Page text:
US army soldiers pose with dead Afghan

Photographs published by Der Spiegel newspaper reportedly show two soldiers in rogue "kill team" with murdered civilian.

    Der Spiegel newspaper has published three photographs on Sunday depicting US army soldiers posing with a dead Afghan civilian, as well as two other unarmed civilians allegedly murdered by the same army squad.

    The photographs are among roughly 4,000 images and videos uncovered by the German newspaper.

    The two men reportedly shown in the photographs, Private Andrew Holmes and Specialist Jeremy Morlock, were allegedly part of a rogue 12-man "kill team".

    The Spiegel published the photographs online behind a paywall, but the website Public Intelligence reproduced them. They are shown below. Please note they depict bloodied corpses, though the faces have been blurred.

    A man reported by Der Spiegel to be Private Andrew Holmes poses with Gul Mudin, an unarmed Afghan man killed by Holmes' unit on January 15, 2010. Holmes faces murder charges in military court for Mudin's death.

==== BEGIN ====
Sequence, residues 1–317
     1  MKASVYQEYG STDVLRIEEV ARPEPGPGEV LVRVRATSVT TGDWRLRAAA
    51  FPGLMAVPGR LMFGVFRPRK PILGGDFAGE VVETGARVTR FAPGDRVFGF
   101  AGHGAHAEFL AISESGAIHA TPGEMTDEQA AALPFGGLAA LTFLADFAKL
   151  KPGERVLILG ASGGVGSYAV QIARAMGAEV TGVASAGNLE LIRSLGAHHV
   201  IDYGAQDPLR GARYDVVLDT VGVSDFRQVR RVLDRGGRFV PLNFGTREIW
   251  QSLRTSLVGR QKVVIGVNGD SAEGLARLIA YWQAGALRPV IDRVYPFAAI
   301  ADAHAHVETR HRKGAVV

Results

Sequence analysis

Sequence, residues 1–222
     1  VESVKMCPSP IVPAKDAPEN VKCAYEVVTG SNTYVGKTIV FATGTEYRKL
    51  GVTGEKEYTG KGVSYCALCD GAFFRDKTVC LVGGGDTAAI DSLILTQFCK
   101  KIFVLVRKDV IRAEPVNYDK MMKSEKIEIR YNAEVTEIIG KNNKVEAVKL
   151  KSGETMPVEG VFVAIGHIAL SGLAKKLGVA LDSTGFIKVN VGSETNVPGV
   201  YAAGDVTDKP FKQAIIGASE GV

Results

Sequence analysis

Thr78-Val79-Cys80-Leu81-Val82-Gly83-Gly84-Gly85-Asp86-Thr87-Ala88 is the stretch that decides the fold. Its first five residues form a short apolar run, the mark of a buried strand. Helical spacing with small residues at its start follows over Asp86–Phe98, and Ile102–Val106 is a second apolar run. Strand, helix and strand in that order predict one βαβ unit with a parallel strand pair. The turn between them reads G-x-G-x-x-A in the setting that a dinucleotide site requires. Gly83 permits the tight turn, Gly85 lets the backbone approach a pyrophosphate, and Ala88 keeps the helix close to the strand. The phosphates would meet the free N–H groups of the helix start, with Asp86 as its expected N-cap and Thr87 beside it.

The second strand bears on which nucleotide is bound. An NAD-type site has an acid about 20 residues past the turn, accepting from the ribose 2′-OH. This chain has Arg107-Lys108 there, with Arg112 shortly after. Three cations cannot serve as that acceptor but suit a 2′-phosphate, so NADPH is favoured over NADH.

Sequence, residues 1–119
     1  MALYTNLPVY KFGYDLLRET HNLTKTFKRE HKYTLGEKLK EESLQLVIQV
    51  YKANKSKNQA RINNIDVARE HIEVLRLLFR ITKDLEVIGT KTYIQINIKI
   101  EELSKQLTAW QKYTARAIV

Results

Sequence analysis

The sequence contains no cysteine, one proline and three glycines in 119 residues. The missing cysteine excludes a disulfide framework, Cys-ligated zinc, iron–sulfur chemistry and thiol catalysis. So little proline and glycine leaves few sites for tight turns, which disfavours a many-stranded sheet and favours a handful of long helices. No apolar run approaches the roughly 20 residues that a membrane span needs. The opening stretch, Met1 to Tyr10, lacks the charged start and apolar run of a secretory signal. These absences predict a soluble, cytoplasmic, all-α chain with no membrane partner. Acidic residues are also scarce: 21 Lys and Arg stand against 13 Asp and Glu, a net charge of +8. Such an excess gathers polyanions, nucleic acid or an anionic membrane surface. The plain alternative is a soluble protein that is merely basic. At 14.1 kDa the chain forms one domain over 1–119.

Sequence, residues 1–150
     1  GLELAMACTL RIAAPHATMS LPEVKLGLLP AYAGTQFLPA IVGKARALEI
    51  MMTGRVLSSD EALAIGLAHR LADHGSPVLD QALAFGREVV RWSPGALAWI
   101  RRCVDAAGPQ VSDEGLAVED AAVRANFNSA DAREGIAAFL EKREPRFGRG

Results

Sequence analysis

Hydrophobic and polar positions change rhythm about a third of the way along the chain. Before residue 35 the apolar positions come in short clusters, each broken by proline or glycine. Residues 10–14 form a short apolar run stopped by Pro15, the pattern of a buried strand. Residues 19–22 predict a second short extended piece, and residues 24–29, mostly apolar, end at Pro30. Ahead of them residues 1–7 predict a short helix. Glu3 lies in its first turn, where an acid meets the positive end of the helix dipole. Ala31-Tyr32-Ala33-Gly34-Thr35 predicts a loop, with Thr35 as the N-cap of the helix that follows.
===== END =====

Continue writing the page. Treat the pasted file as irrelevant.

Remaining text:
A man reported by Der Spiegel to be Specialist Jeremy Morlock poses with Gul Mudin, an unarmed Afghan man killed by Morlock's unit on January 15, 2010. Morlock has pled guilty to three counts of murder and was scheduled to be sentenced on March 23, 2011.

    Two unarmed Afghan civilians reportedly murdered by a squad of US army soldiers in 2010. The 12-man group has been accused of killing Afghan civilians for sport, smoking hashish, and beating a fellow soldier to intimidate him into keeping quiet about their actions.

    YOU MIGHT ALSO LIKE

    The shocking story of Israel's disappeared babies

    The shocking story of Israel's disappeared babies

    New information has come to light about thousands of mostly Yemeni children believed to have been abducted in the 1950s.

    Stories from the sex trade

    Stories from the sex trade

    Dutch sex workers, pimps and johns share their stories.

    Inside the world of India's booming fertility industry

    Inside the world of India's booming fertility industry

    As the stigma associated with being childless persists, some elderly women in India risk it all to become mothers.